As we glide in and out of different phases of the pandemic, recalling when it started to make news takes one to a different world, a world where human interactions, travel, life — all of it seemed more predictable. I remember, I heard of it while in Yogyakarta in December 2019. At that time, we just knew of some new outbreak that had taken toll of a few human lives.
In three months, it became larger and larger and lockdowns became a reality. At some point, the outbreak was named a pandemic. Now, it seems to loom over us like a Sisyphean burden which rolls back to a fresh threat from a new variant just as we start to feel we have finally overcome the virus and made it to the peak, where we can resume our old ways. Is this a hint that we need to redefine our lives and change the tenor of our existence?
With eternal optimism for a weapon, mankind has overcome more deadly situations, when there were neither labs nor technologies to overcome diseases. Writers on our pages have reacted to the multiple outbreaks in varied ways. Here we present a selection of poems, stories and non-fiction from Mid-2021 that feature the onset of the new waves of the virus, which eventually will hopefully evolve to become an endemic. What is heartening to see is some writing has started to move towards a direction to define new ways to overcome the fear and darkness that seem to have been generated by the inability to bounce back to our ‘normal’ ways of living within a given timeframe. Perhaps, one should tend to agree with Keith Lyons, when he says in his essay: “I’ve learned to better cope with the challenges of life. As Jedi Master Yoda once said: ‘Named must be your fear before banish it you can’.”
In conversation with Fakrul Alam, an eminent translator, critic and academic from Bangladesh who has lived through the inception of Bangladesh from East Bengal, translated not just the three greats of Bengal (Tagore, Nazrul, Jibanananda) but also multiple political leaders. Click here to read.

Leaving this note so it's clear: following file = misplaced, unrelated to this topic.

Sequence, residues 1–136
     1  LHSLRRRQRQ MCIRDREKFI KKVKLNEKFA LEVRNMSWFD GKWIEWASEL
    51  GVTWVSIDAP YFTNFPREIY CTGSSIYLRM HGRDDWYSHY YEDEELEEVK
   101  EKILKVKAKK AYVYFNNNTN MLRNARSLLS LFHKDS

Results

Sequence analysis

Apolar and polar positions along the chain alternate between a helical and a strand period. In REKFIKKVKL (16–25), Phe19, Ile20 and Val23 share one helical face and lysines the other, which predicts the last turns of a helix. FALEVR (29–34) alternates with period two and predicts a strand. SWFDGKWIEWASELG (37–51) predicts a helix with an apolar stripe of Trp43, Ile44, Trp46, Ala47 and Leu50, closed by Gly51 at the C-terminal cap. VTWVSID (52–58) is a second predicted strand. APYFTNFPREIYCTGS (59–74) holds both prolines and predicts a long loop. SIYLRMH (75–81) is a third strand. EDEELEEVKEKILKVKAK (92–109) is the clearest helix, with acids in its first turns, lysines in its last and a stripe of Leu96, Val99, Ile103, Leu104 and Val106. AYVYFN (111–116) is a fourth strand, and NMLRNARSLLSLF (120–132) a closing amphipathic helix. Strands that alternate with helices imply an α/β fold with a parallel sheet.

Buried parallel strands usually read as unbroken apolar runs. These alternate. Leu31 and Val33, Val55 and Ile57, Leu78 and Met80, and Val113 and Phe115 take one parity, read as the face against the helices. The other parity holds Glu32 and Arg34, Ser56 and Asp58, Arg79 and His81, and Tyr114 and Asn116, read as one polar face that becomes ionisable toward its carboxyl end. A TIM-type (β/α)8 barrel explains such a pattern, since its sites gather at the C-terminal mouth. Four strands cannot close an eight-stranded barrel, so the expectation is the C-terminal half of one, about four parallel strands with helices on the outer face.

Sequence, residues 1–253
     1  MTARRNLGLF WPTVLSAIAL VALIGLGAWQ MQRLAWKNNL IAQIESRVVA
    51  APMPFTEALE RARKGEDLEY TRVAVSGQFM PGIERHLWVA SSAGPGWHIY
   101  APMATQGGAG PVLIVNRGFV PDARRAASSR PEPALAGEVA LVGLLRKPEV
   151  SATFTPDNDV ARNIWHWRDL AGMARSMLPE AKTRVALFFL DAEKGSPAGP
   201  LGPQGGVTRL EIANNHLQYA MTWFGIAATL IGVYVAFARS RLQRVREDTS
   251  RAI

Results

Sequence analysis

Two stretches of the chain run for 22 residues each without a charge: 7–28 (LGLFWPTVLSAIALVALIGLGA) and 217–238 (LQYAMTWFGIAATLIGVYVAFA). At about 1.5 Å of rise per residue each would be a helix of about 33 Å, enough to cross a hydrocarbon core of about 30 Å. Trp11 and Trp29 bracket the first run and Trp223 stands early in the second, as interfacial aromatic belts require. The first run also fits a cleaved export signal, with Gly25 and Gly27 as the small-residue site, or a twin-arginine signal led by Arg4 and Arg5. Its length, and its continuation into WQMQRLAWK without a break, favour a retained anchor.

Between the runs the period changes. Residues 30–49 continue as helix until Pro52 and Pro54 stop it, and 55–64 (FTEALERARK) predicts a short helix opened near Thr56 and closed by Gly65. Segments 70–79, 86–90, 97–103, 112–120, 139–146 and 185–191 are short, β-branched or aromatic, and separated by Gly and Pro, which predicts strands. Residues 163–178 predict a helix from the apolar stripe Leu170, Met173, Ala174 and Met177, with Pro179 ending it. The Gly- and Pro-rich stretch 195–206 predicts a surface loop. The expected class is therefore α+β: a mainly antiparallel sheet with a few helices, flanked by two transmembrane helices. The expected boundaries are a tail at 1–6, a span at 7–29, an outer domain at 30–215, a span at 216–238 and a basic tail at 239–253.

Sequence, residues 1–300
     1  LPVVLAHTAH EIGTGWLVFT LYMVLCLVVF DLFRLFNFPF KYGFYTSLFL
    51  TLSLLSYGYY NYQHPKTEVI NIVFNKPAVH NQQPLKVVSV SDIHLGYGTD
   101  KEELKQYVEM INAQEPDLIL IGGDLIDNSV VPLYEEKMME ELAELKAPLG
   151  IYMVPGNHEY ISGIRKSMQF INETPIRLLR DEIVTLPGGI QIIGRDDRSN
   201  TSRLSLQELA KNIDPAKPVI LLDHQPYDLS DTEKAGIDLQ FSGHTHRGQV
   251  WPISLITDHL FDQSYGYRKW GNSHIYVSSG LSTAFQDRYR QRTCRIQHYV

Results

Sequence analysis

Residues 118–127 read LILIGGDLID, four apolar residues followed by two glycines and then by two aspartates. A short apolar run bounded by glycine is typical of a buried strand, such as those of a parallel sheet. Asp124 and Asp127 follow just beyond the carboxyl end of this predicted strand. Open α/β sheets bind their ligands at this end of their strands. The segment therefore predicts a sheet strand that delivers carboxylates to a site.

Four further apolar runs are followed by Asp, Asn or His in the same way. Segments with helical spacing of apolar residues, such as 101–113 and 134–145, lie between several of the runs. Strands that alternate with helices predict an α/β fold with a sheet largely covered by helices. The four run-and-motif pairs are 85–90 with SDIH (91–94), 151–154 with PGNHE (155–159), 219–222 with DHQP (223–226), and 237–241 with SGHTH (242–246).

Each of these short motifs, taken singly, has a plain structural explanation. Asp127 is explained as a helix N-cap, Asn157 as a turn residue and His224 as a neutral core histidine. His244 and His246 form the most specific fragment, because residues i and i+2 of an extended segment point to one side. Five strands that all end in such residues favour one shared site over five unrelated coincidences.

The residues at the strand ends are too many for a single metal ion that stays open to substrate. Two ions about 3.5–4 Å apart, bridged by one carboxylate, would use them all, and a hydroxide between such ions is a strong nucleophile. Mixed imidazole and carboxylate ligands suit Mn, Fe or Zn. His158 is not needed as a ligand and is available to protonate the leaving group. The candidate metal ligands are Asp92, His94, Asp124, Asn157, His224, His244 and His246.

In conversation with Arindam Roy, the Founder and Editor-in-cheif of Different Truths, an online portal for social journalism with forty years of experience in media and major Indian newspapers. Click here to read
Kazi Nazrul Islam’s poem, Shammobadi(The Equaliser) translated by Shahriyer Hossain Shetu. Click here to read.
Tagore’sAmar Shonar Horin Chai(I want the Golden Deer) translated by Mitali Chakravarty, edited and interpreted in pastel by Sohana Manzoor. Click here to read.
To mark the birth centenary of Satyajit Ray, Ratnottama Sengupta translates fromNabendu Ghosh’s autobiography experience of Pather Panchali ( Song of the Road) — between covers and on screen. Click here to read.
Wendy Jones Nakanishi, an academic who started her life in a small town called Rolling Prairie in midwestern US, talks of her journey as a globe trotter — through Europe and Asia — and her response to Covid while living in UK. Click here to read.
‘Did life change or did I change from the events of the last year,’ ponders New Zealander Keith Lyons who was in the southern state of Kerala when the first cases of Covid-19 were detected in India last January. Click here to read.
ONE LAST TIME
The world’s melting before my eyes,
Drowning in the ocean of neglect,
Gasping for air one last time,
Till it freezes to death.
Hear! Hear! Hear them cry,
Those innocent lives,
Trying to hold their pieces together,
In the eye of storm one last time.
When will the dawn break?
Shrouded and invisible in the darkest night they ask,
Clinging together, floating and gasping,
To be seen and saved one last time.
Heena Chauhan teaches English Literature at University of Delhi, India. Also, a research scholar, Heena spends most of her time in reading her favourite authors, cooking and skygazing.
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